Over the past few months our travels have predominantly been spent in hot, dusty, arid destinations with endless blue skies, so it was a shock to the system when we awoke in the morning on our overnight bus journey from Santiago to luscious green fields and rain, lots of it. We had finally begun our journey south towards Patagonia.
The Chilean Lake District is a large region some 800km south of Santiago. Pleasant towns and quaint villages lie scattered through fertile fields and hugging the shorelines of vast pristine lakes at the foothills of the Andes. In the 1850’s the Chilean government underwent a major immigration drive encouraging German’s to colonise the undeveloped lakes region to exploit the abundance of agricultural opportunities. Due to this there is a strong German influence in the architecture and cultural makeup of the villages dotting the landscape. Coming from the desert, as well as Bolivia and Peru, this wonderful European charm was a welcome change of scenery.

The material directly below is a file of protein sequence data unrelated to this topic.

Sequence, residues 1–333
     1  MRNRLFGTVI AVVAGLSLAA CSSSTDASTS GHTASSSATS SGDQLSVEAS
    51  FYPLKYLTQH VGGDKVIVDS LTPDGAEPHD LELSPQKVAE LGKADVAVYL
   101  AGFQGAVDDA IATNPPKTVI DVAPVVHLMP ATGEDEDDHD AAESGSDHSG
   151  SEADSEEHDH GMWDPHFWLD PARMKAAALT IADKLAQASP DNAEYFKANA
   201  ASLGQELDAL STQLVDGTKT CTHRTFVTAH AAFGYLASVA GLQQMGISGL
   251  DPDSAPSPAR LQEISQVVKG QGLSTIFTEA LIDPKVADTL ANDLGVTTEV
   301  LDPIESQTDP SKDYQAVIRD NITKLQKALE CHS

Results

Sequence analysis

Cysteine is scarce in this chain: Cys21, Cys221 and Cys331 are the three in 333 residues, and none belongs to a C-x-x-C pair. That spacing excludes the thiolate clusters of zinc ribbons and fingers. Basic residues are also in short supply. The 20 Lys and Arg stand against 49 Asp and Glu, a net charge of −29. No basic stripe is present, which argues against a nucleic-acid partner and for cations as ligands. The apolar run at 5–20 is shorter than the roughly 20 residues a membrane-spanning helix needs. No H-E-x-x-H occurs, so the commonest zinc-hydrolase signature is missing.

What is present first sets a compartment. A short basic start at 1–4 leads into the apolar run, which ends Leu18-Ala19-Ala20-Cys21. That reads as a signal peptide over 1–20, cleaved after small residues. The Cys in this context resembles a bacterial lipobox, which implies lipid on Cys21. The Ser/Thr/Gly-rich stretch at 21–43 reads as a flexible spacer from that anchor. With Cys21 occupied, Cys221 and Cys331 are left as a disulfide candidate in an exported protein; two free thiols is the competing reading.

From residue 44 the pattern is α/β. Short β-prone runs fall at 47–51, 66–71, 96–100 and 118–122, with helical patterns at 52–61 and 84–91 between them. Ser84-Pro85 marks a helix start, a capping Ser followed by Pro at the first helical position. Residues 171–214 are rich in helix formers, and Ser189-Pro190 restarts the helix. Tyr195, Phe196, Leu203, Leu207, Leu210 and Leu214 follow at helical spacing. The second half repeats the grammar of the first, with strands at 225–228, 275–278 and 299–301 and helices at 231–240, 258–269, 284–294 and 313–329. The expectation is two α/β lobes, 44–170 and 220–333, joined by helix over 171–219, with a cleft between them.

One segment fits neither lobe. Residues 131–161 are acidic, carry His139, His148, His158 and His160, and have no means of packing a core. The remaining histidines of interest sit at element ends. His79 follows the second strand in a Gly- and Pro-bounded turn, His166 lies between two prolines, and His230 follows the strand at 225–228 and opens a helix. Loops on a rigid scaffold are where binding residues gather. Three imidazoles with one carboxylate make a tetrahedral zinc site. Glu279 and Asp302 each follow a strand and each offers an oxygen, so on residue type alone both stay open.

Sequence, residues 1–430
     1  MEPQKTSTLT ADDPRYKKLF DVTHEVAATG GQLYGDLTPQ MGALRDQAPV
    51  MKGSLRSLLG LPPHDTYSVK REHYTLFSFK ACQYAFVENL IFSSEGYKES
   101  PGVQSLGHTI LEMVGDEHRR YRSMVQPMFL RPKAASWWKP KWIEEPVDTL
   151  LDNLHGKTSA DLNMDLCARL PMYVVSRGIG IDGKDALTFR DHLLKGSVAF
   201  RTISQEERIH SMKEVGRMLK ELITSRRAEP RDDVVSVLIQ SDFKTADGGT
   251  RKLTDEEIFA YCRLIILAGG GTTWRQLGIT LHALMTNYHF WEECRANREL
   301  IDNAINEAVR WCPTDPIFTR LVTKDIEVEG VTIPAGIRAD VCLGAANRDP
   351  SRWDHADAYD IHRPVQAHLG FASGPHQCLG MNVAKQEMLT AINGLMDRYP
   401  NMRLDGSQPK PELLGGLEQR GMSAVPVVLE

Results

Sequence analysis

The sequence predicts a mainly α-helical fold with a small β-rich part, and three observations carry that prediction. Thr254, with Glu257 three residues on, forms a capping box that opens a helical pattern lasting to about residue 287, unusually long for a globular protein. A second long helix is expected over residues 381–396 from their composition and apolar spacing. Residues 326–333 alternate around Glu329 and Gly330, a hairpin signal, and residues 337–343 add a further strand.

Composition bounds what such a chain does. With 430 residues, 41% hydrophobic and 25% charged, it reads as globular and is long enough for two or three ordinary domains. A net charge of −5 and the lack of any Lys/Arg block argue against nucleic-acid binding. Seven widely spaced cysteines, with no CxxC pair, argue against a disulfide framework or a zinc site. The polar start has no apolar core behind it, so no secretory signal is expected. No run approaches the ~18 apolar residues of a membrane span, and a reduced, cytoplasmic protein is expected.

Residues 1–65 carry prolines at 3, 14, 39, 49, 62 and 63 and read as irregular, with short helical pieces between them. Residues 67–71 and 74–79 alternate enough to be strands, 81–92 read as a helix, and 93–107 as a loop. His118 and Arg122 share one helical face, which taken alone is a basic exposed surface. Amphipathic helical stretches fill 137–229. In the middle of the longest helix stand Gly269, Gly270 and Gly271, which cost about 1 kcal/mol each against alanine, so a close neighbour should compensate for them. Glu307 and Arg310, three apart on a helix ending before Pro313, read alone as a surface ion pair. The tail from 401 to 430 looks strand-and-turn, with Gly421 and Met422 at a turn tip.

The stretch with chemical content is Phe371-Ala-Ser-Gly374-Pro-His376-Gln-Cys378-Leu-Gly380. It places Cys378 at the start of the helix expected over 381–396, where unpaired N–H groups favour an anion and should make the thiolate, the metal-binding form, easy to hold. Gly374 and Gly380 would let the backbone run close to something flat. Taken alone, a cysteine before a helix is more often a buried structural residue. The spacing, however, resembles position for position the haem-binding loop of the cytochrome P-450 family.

Argentina is famous for three things; Wine, Beef and Football, and Mendoza just happens to be pretty good at all three. Mendoza is a sprawling, cosmopolitan city, in the heart of Argentine wine country. They say the best wine in the country is produced here, and so of course we had to come and find out if this is true by exploring the vineyards to sample fine wines, and get a taste of some local gourmet food and of course we hoped to catch a football match – Iain needs to get his fix of his beloved sport.
Oh dear, the Treeny Bomb hit again. Poor, organized, pro-active Iain, was hit with a dose of the queen of chaos, and it all came crashing down on us just hours before leaving. Once again we “thought” we were organised. The last few weeks have been mental for us, between finishing up work/jobs, sorting out accounts, paperwork, medical stuff, the wedding, and saying our goodbyes, there wasn’t much time to actually be productive and get our excessively long “to-do list” completed. So just hours before our flight we were running around like mad men trying to get stuff crossed off the list. At least we weren’t as bad as Treeny has been in the past, we didn’t have to pack in the car on the way to the airport, phew.